Basketball Hall of Fame Inductee Peggy Pope Stapleton:

Written by Kay Hubbard.

“What an Impact This Sport Has Had on My Life!”

Carthage native Peggy Pope Stapleton recently joined the elite number of outstanding women’s basketball players to be inducted in the Women’s Professional Basketball League Hall of Fame. The induction was held in Knoxville, Tennessee in June.

The league was the first professional women’s basketball league in the United States and is considered a trailblazer of the game. The WNBA did not begin until 10 years later in 1998. Formed by a group of determined women who wanted to continue playing after their college careers, the WBL lasted three seasons from 1978 to 1981 and featured eight teams during its inaugural season. The Houston Angels won the league championship the first year, with the New York Stars and the Nebraska Wranglers winning the remaining two seasons. Peggy was part of the league its last year, playing for the championship Wranglers.

Peggy was raised, the fifth oldest in a family of seven children, in her family’s homestead in the Pope Quarters area a few miles south of town on Highway 79. She says, “My dad had a very popular juke joint that everyone in the area came to, and I guess that’s how the name Pope Quarters was adopted.”

She graduated from CHS in 1976 and played basketball under the leadership of Coach Sandra Walker. “I didn’t make the seventh or eighth grade junior high team,” she says, “but I grew about three inches in the summer before high school and also developed a lot more confidence and determination. I played three games on the freshman team and was moved up to varsity. Basketball was my life; I really wasn’t involved in much of anything else. I knew it was my ticket to an education and even a career from an early age.”

She continues, “At that time, girls played half-court three-on-three rather than full court five-person teams, I presume because people thought girls didn’t have enough strength and stamina. But after Coach Walker recommended me to Coach Mary Ann Otwell at Panola College and I began playing for her, she made SURE we had LOTS of running up and down the full court and had PLENTY of strength and stamina!”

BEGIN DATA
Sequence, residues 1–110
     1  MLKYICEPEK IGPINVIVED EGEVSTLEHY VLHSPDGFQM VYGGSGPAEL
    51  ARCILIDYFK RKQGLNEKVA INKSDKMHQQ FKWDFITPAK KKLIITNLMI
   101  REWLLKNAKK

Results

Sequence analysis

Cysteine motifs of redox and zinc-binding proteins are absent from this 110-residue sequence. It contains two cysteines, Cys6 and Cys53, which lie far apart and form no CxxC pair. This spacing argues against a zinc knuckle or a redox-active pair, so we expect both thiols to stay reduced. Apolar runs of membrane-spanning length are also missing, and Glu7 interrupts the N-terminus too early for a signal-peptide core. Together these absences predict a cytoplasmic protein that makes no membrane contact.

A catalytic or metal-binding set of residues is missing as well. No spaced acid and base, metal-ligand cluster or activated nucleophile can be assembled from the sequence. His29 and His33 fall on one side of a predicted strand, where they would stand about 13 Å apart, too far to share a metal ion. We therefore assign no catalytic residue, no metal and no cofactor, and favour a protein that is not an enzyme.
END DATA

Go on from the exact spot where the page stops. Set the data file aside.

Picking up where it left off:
Indeed, the Fillies won back-to-back national championships the two years Peggy played at Panola College. Six team members received scholarships to Division One universities—Peggy and three others to Texas A&M, one to SFA, and one to Lamar University. She says, “This was right at the beginning of Title IX and of scholarships being offered to women to play in college, so my timing in terms of opportunity was great! I didn’t find out until years later that I was the first African American to play in A&M’s women’s program.”

Peggy was drafted directly from A&M to the WBL’s Nebraska Wranglers, along with her Panola College teammate Rosie Walker from SFA. “What a wonderful experience for us to play together on another championship team!” she says.

When the league disbanded, she moved to the Houston area to play in the Amateur Athletic Union (AAU), an organized league with teams in several U.S. cities, and also coach at Brookshire Royal High School in Katy. Three years later she was hired as an assistant coach and recruiting coordinator at Rice University, where she stayed for three years. She then served as an assistant coach at the University of Houston for two years and was hired as head coach at Texas Southern University, where she stayed four years.

In 1987 her son Taylor was born, followed by second son Tavis in 1992, and she decided to leave the college ranks and return to high school coaching. Within a few years, she knew she did not want to remain in the city to raise them. She came home to Carthage for the summer to decide what she wanted to do next and enrolled the boys in CHS boys’ basketball coach Larry Bagley’s summer camp. The Carthage girls’ head coaching job was open, and he wanted her to take it. He set up an appointment for her to interview with the superintendent, and she never returned to Houston, remaining at CHS until her retirement in 2013.